Taiwan reports new case of SARSChina and the World Health Organization (WHO) are keeping close eye on the development of the SARS situation and laboratory safety on the Chinese mainland and in Taiwan, where a new SARS case was reported Wednesday, officials said.
A 44-year-old man who was studying SARS (severe acute respiratory syndrome) at the National Defence University in Taiwan has reportedly contracted SARS and was transferred to a hospital equipped to handle SARS cases yesterday.
The Taiwan Centre for Disease Control informed WHO's Geneva headquarters of the case in an "appropriately timely'' fashion, Bob Dietz, spokesman for the WHO Beijing Office told China Daily yesterday.
"Our headquarters is following the case with interest and receiving regular updates,'' said Dietz.
The Information Office of the Ministry of Health said yesterday that Beijing is paying close attention to the new case in Taiwan and has been maintaining a high state of vigilance for any evidence of a renewed outbreak of the disease all along.
Wednesday's daily epidemic surveillance report from the ministry shows that China has not found any new suspected or confirmed SARS cases since the disease subsided last June.
WHO accepts the Chinese Government's reported figures, Dietz noted.
However, the information office also said in a document that the case in Taiwan has rung an alarm bell for the Chinese mainland's SARS prevention campaign.
The Ministry of Health has asked all institutes with SARS virus samples to tighten safety procedures in handling the samples and protecting the safety of researchers.
No country can be 100 per cent ready, but WHO acknowledges the thoroughness of the work China has done so far, and is convinced of the government's commitment to protecting the people of China and the rest of the world if SARS returns to the Chinese mainland, Dietz said.
Meanwhile, the Ministry of Science and Technology is drafting a new regulation for biology laboratory management to raise safety levels in the research on viruses, including the SARS virus, said Yang Zhe, a health and medicine division director of the ministry.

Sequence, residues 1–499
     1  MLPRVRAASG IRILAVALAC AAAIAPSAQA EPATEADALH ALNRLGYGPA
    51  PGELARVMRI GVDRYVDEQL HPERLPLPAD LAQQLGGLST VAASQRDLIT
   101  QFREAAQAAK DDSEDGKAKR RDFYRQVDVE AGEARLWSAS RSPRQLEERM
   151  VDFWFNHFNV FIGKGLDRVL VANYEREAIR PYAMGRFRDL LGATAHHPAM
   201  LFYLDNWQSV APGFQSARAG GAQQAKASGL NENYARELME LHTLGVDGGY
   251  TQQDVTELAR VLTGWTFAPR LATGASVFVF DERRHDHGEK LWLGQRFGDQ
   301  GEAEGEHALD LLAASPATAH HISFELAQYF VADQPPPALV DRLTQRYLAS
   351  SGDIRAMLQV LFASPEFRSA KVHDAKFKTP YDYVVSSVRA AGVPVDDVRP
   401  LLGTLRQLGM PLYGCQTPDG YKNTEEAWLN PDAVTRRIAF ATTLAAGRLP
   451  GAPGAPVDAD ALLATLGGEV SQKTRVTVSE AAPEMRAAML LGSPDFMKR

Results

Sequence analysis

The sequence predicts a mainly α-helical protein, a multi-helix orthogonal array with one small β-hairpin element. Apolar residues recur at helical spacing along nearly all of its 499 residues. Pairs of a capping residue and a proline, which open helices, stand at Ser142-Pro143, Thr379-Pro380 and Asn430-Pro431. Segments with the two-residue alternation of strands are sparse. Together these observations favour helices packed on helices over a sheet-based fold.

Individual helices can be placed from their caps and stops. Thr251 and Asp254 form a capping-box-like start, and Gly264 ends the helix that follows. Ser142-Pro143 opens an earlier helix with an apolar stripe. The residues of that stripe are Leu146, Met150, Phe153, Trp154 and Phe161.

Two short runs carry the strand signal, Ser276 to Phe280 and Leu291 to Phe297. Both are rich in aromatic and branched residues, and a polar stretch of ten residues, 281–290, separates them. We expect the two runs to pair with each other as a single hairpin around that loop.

Yang's ministry, which is in charge of managing all the SARS virus research laboratories in the country, has held training classes for safety management and self-protection for all biology laboratory researchers, including those handling the SARS virus before October, said Tao Jinsong, an official from the ministry.
The infected Taiwan researcher attended a conference in Singapore on December 7 and developed a fever on December 10 after returning to Taiwan, Taiwan CDC officials said.
He thought he only had the flu, but on Tuesday went to a Taipei hospital where an X-ray showed he had pneumonia. He was then tested for SARS, and the results were positive, a statement from the Taiwan CDC said.
This is the first case since WHO removed Taiwan from its list of SARS-infected areas on July 5.
Taiwan had not reported new SARS cases since June. It reported 37 people being killed directly by the disease and another 37 deaths related to SARS earlier this year in the province.
In another development, the Chinese mainland is willing to enhance co-operation with Taiwan against the possible return of SARS, Li Weiyi, spokesman with the Taiwan Affairs Office of the State Council, said yesterday at a press conference on China's policy on direct links in mail, transport and trade across the Taiwan Straits.
Singapore's health ministry said yesterday that it has issued quarantine orders on 70 people who may have come into contact with the Taiwanese SARS patient.
The 70 people were requested to undergo home quarantine until tomorrow and will be monitored three times a day by telephone, the statement said. (China Daily news)
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